The Best Leaders Give Their Vision Away

One of the keys to a successful organization is also one of the riskiest things for a leader to do. 

This is some of the hardest advice for me to give other leaders – and, without practice and discipline – one of the hardest for me to incorporate into my leadership.

Leader, if you want your organization to thrive, you have to be willing to give your vision away to those you lead.

Leaders talk a lot about the importance of sticking with a vision. We know we have to repeat a vision often. The vision is referred to for its value to an organization. Without a vision, the people perish.

Right?

We know all these principles. I agree with all the truths about vision. 

I am actually referring to another principle though, which leaders sometimes overlook. The best leaders allow others to own the vision besides them. Actually they encourage it.

They give their vision away.

The key to incorporating this into your leadership is in surrounding yourself with people you trust enough to take your vision and implement it with their own personal touch. They get to live out their vision in coorperation with yours.

When we planted Grace Community Church I had a vision. It was actually a ten-year old vision. It was a specific vision to reach people far from God, but it was broad. I felt God wanted to have a church, which reached people where they were, not with rules to perform to for approval, but with unconditional love and grace. Through prayer and discernment, I recruited a co-pastor who shared the vision. I recruited a core team who could own the vision, as their own. The co-pastor and I recruited a worship leader who believed in the vision.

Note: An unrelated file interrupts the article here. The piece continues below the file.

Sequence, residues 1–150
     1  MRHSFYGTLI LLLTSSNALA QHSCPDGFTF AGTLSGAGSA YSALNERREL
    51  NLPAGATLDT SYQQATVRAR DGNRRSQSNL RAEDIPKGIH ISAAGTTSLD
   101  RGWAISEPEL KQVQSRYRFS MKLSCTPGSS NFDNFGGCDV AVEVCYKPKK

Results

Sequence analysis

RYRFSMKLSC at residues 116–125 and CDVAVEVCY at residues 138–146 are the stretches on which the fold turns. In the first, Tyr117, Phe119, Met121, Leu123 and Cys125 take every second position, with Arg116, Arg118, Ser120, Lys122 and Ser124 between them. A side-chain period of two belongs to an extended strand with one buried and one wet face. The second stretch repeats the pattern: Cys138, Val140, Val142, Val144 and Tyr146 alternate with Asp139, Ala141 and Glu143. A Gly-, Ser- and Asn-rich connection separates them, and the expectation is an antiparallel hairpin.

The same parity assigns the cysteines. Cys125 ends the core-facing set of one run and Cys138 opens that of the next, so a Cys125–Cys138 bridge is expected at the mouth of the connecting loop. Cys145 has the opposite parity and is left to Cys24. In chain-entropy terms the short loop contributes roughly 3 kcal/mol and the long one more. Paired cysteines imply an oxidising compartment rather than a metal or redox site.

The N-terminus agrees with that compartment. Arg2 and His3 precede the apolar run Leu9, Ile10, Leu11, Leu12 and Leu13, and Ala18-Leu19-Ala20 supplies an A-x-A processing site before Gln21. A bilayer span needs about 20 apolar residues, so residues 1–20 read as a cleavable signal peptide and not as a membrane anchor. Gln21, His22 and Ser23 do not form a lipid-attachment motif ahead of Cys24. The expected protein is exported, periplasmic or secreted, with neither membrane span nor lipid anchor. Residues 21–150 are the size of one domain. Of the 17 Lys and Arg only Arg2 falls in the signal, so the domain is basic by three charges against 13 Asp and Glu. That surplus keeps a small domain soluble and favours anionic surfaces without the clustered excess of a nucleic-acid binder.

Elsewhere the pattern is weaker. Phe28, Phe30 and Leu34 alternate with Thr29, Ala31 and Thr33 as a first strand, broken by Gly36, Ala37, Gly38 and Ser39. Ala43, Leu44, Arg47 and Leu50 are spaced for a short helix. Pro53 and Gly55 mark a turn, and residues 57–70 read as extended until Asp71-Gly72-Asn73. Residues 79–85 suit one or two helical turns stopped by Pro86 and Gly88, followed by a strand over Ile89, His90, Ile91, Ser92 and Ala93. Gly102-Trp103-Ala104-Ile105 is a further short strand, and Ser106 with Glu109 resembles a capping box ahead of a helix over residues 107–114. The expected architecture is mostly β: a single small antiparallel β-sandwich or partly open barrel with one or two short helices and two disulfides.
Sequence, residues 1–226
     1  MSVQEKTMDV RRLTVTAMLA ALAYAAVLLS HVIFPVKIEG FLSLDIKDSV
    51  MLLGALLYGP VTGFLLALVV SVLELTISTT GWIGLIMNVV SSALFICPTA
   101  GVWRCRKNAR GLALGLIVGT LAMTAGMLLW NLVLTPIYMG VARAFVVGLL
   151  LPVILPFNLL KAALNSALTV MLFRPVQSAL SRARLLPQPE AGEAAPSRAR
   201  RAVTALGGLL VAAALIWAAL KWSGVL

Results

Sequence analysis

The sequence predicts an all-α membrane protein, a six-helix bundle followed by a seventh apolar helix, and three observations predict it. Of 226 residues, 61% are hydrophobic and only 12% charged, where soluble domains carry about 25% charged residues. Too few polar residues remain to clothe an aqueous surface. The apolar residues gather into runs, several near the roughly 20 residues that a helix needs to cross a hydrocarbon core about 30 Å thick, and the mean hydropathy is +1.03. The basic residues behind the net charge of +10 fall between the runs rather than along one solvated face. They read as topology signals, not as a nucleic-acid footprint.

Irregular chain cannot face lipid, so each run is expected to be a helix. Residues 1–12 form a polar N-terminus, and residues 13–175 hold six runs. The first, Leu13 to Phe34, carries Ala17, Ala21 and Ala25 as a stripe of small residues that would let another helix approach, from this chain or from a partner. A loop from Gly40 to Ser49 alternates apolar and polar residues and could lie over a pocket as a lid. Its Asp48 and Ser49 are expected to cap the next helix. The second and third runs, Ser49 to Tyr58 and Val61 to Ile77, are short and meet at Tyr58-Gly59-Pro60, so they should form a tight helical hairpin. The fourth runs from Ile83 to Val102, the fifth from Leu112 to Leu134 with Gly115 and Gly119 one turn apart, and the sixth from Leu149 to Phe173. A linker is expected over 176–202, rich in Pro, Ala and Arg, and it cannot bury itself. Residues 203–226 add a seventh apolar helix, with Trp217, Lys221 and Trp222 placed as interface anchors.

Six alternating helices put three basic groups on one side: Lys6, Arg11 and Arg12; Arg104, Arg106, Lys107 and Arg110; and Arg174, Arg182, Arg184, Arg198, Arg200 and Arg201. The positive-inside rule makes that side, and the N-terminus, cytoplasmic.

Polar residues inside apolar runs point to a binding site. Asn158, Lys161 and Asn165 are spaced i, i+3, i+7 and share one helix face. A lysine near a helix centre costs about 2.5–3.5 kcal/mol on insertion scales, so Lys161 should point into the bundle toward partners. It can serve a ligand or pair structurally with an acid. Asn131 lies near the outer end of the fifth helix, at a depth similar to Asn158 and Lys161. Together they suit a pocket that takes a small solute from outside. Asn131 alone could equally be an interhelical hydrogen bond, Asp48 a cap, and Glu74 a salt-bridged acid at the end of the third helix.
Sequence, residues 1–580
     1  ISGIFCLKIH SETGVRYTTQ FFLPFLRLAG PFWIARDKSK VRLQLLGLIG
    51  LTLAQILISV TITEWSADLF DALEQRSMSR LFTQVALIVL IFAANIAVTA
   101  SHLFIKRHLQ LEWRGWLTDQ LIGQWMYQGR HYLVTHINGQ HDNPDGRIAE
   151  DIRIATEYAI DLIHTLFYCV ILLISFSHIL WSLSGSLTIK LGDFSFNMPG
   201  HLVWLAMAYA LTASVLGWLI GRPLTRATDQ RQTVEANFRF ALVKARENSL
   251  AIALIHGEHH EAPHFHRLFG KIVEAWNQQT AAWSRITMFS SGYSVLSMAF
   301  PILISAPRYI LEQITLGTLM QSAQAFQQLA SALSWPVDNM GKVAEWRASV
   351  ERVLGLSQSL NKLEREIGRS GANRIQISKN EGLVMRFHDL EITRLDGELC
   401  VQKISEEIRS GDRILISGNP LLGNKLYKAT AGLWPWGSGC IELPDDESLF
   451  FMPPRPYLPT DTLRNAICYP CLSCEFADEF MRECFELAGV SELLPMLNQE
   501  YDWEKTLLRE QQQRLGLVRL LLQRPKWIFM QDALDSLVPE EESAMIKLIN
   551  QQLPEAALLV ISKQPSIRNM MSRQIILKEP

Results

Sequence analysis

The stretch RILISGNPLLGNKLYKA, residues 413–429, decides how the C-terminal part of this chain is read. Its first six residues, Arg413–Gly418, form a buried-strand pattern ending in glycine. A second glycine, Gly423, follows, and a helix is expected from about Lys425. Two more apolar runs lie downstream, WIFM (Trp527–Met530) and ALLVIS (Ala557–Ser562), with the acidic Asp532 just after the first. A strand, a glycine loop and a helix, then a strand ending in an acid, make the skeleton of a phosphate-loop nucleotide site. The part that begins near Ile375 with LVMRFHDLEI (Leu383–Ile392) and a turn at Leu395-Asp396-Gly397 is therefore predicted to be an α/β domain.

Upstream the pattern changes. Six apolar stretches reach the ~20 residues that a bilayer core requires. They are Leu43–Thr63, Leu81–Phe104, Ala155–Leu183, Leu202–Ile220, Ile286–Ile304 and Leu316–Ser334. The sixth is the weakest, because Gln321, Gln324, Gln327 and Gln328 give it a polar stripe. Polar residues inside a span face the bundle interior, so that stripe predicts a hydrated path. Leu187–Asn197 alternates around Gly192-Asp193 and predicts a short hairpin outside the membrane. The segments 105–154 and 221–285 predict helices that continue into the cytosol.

Then step-by-step we began to give away our vision.

Taking the existing vision, which never changed, we had core members who researched and shaped our children’s ministry. Others started our greeting ministry. Still others formed the structure of our preschool. 

In this process, they developed these ministries with their own individual perspectives and desires. The ministries, while accomplishing the overall vision for the church, may or may not have looked like I would have personally planned them. In the end, however, they were far better than I could have ever produced on my own. Our church expanded rapidly, and, of course it was all grace, but looking back, it was also in great part because of those who owned the vision with us.

Leaders often operate out of fear and hold too tightly to their vision, afraid others will ruin their “dream”, but this never allows people to develop. It stifles growth and doesn’t allow the body (or the organization) to perform at its best. Ultimately it keeps the leader’s vision from achieving maximum potential. 

My encouragement to leaders would be to surround yourself with people you trust enough to own your vision and place their own personal touch on it. Your church or organization will be the benefactor of this approach.

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Ron Edmondson

Author Ron Edmondson

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Join the discussion 16 Comments

  • Daniel Green says: